In order to get the trade information from the Seattle office to the Commodity Monitor application in the New York office, we made use of Camel to facilitate the communication between the 2 offices. The great thing about Camel is that it provides an abstraction layer for the actual communication mechanism between applications. Since the offices are not networked together we made use of the Camel email component in order to transfer the data from the Seattle office to the Commodity Monitor application. In the future we could move the communication mechanism to web services or JMS simply by changing a property file, with no code changes required as camel takes care of everything else under the hood.

System Architecture

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Trades are placed in the Seattle office, and then emailed to a designated email box which the Commodity Monitor watches (via Camel). Trade information is then imported into the application, at which point it requests real-time quote information of the commodities from Interactive Brokers via their Java API. At this point the application can then update the profit/loss statistics in real-time.

Application Screen Shot

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The grid in the top left portion of the screen displays the performance for our Telio trading strategy for today, for the month of August, and then the year-to-date return of the strategy. The table also shows the same statistics for the S&P 500 stock index and Dow Jones/UBS commodity index for comparison purposes.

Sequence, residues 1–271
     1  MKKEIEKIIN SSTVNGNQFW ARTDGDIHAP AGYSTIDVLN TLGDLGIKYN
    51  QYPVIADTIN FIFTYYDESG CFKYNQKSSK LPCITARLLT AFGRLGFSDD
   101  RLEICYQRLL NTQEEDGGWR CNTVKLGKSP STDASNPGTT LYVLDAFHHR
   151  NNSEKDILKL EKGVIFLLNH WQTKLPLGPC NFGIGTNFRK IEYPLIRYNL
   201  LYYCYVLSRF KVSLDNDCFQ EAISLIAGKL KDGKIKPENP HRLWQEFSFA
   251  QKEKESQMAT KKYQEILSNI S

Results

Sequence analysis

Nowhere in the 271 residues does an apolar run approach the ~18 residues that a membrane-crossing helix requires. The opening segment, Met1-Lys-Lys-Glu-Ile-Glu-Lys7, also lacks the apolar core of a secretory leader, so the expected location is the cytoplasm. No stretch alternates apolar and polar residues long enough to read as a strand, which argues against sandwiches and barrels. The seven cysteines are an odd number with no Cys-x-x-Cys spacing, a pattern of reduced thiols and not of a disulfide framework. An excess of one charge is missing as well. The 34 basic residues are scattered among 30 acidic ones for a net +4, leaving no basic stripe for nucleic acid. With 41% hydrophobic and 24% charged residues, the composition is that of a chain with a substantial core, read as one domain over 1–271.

Below the table is a candlestick chart displaying the performance of the S&P 500 Index futures for the current day. The chart made use of the charting API in JavaFX as well as CSS. The chart is updated in real-time throughout the day.

Finally, on the right half of the screen is a panel which displays the commodities that we are currently holding with current profit/loss on the trade. For example, we have a current profit of +0.18% since we bought natural gas.

To add additional eye candy to the application, I created a scrolling background with a slightly blurred Zoi Capital logo. The animation was extremely easy to set up in JavaFX, and I’ll post a short how-to blog on animations in the not-too-distant future.

Demo Video